Mucus is a liquid substance that can range in consistency from watery to thick and slimy in nature. It is created by the body as a defense mechanism to protect itself from illness and irritants. Mucus membranes create mucus and are found in the nose, eyes, throat and lungs. A relatively consistent amount of mucus is normal and is nothing to be worried about. However, unusually large amounts of mucus may occur as the result of an underlying illness or other condition. The cause of excessive mucus can be easy to pinpoint in most cases.
Increased mucus production is often caused by an underlying illness. If mucus is the most prevalent symptom, it is usually caused by something simple like allergies or the common cold. Other illnesses that result in excessive mucus production include pneumonia, flu and bronchitis.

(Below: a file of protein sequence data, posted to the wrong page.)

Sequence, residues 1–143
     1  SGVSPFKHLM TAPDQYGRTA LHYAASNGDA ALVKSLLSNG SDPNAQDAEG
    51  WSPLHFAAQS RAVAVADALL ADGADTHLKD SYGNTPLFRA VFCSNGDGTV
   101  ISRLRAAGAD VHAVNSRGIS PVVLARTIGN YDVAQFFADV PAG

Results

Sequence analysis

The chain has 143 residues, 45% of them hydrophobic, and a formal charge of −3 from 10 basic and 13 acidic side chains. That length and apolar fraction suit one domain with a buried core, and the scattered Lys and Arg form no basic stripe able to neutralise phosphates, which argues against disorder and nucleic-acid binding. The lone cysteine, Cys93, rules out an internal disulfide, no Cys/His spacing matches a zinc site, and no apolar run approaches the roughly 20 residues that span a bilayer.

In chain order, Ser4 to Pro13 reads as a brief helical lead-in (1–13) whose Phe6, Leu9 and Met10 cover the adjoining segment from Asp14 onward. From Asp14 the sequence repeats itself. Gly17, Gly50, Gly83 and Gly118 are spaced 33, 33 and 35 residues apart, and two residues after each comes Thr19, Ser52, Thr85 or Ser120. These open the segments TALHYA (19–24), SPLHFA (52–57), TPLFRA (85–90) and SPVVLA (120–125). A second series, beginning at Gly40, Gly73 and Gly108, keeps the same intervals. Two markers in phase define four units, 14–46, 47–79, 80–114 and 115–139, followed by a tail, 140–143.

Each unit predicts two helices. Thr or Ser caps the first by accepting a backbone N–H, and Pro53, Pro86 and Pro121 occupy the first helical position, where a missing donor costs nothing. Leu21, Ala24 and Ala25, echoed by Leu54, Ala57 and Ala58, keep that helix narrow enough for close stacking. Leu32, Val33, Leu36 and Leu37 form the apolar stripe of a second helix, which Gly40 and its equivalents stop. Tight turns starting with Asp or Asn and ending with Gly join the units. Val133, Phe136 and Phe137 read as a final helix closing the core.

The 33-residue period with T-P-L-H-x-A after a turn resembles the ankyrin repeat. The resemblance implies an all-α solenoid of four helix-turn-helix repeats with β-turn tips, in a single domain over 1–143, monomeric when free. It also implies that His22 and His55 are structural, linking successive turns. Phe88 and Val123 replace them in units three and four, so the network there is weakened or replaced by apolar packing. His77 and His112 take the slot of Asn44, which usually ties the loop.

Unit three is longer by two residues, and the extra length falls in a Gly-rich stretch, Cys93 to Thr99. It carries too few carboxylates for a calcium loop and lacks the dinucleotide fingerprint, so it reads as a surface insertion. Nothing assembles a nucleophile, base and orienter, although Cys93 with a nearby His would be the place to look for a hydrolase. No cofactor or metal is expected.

Consumption of dairy products can cause mucus to thicken, making drainage more difficult. This result is exacerbated if one is mildly allergic to dairy products or if one eats it often.
Tobacco use irritates the mucus membranes in the nose and in the lungs, causing an increase in mucus production and the drying out of mucus in the nasal cavities. This results in hard, dry, mucus in the nose and thick hard-to-pass mucus in the sacs of the lungs. It often causes coughing in an attempt to expel the excess mucus. Eventually, this mucus can cause breathing difficulties and lead to illnesses like emphysema.
Inhaled irritants and allergens
Frequently inhaling dust, smog and other irritants in the air can result in swelling of the nasal passages and increased mucus production in an attempt to rid the body of irritating particles. This is what causes common allergy symptoms like sneezing and runny nose.
Pregnancy and taking birth control pills can also lead to increased mucus production. This is due to the change in hormones. Any changes in the body’s natural balance can result in multiple symptoms such as mucus, nausea and dizziness until the body adjusts.